Workshop 4 Resources

We are going to take a little break from coding and have a look on the tools side of things. Firstly, you may have been wondering about these lovely circuit design images you have seen here and around the web. These are created with a great Open Source bit of software called 'Fritzing' which is free to download, though they deserve a donation if you can afford one. It enables you to build designs for your circuits in a way that is friendly to beginners and many maker suppliers (Adafruit, Sparkfun etc) release components that you can add to the parts library. There are 3 views available, the breadboard, schematic and PCB which are all linked. There is also a code tab which should work just like the Arduino IDE if you want to use it to save, upload and edit in too, but I must admit I haven't tried it.  

[N.B. - save regularly, Fritzing can be a little glitchy at times, but is generally good!]

Breadboard View

This view is the one you are used to, building is as simple as searching for the part you are after in the top right search window and dragging it to your design. You can click and drag on connections to wire things together and right click on the wires to change their colours. Each component will have an inspector on the right where you may be able to change features of it, e.g change the resistance value of a resistor which will also update the part with the correct colour code. If you can't find a part you want to use, you may be able to add it to your parts library, do a web search to see if the Fritzing part is available. 

Example circuit with Fritzing showing the limitations of breadboard view!

Example circuit with Fritzing showing the limitations of breadboard view!


Schematic View

Looking at the breadboard view of the circuit above, we start to see the limitations of this view and the mess it can create with what is still a fairly simple circuit [N.B. - Be warned, the Arduino forum does not take kindly to messy breadboard views being posted when asking for help, but then again the Arduino forum isn't too friendly anyway, try the Adafruit forum instead!]. We might be able to clean it up a bit by routing the wires around and using a bigger breadboard, but really it is better to start working with a proper circuit diagram as is shown below.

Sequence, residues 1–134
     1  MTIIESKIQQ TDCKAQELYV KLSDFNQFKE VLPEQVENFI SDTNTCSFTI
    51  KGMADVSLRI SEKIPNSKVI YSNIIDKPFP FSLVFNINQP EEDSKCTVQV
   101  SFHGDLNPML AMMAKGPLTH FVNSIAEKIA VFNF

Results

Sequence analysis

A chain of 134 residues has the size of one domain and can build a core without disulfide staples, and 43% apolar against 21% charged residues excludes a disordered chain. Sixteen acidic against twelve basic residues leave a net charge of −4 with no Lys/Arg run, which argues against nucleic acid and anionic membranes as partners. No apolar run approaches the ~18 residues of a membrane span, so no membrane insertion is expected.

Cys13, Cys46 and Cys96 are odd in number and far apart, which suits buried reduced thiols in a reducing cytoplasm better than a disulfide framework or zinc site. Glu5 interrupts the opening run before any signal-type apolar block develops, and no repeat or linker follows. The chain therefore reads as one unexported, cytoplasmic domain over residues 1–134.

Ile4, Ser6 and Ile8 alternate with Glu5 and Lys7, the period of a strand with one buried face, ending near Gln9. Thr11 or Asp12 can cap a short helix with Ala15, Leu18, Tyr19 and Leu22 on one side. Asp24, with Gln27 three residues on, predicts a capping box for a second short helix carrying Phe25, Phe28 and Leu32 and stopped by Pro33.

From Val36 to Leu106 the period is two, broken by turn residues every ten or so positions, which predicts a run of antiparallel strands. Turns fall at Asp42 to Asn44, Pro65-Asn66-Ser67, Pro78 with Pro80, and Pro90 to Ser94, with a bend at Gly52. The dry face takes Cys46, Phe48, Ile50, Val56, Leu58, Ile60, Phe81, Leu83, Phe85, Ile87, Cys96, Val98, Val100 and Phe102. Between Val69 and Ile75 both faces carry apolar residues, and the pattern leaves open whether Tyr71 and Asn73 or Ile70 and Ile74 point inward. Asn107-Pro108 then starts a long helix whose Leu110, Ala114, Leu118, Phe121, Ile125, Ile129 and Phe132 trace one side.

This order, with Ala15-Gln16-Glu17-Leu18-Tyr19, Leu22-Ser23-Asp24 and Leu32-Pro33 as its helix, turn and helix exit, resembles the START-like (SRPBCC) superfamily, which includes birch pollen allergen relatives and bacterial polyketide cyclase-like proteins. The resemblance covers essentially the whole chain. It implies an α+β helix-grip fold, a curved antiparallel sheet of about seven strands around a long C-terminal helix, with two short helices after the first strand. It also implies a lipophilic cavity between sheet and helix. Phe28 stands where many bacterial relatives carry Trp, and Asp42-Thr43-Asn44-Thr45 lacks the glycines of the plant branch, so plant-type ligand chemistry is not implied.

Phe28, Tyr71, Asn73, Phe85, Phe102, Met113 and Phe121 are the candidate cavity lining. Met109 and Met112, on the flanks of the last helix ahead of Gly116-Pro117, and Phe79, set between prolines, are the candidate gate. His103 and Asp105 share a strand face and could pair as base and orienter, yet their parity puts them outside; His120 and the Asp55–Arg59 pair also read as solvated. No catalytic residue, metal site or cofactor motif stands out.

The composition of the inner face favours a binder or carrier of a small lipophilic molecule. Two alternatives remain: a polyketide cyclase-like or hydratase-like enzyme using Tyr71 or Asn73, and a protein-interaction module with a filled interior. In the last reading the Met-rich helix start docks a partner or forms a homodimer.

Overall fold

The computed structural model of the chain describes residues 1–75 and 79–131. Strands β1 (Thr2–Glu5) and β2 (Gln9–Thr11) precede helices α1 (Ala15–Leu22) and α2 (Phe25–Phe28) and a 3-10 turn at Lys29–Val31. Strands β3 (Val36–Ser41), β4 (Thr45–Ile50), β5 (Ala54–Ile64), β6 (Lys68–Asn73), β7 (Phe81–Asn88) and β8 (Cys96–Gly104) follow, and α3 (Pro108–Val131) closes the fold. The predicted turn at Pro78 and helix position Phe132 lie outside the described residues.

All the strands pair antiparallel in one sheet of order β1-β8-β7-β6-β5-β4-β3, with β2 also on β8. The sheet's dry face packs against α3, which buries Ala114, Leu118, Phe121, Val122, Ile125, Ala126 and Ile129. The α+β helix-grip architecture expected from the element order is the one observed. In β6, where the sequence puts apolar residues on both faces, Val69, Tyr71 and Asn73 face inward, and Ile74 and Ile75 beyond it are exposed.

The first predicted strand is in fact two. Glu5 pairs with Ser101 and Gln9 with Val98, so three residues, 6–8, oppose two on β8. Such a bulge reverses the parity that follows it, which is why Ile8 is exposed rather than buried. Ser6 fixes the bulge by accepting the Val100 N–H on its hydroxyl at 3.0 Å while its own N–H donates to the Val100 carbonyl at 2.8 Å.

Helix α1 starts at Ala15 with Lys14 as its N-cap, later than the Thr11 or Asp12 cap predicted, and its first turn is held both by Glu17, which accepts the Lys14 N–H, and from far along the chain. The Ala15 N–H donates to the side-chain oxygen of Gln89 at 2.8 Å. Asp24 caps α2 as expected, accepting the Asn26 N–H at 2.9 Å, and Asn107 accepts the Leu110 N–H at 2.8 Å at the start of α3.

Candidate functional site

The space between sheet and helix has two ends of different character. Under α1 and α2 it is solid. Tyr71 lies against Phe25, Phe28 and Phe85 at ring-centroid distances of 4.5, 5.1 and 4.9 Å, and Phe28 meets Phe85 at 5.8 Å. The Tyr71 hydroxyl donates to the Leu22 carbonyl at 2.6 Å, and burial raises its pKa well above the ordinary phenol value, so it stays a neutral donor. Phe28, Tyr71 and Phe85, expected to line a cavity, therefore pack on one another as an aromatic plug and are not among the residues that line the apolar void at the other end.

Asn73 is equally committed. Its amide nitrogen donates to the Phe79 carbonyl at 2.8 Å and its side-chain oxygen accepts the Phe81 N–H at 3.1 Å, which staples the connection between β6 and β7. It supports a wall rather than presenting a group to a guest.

If you have created a breadboard view already then all your parts will be there and you will have 'ratsnest' wires connecting them, dotted lines showing the connections from the breadboard view. When you start moving these around they will become proper traces, or you can right click on them to make them so.  Beware - if you delete a ratsnest wire in the schematic view, it will remove that connection from the breadboard view which may mess things up, sometimes you may want to make a save of each view. 

Notice that I have used a symbol for the connection to ground at the bottom of the diagram to save from crossing over lines and to keep things clear. Use the Fritzing search box to find these 'symbols' for ground and power and you can use the 'net labels' in the similar way. Simply create two net labels and give them the same label in the inspector on the right and they will be connected like in the example below



I am not going to go into this view right now, suffice to say it is there for designing your actual Printed Circuit Board. These designs can be sent to board manufacturers or indeed you can use them to etch or mill your own PCBs from copper plated board. This whole process is an art in itself so right now I want to have a look at soldering in general and at using another method to move your circuit from breadboard to something more permanent, i.e. strip board and proto board.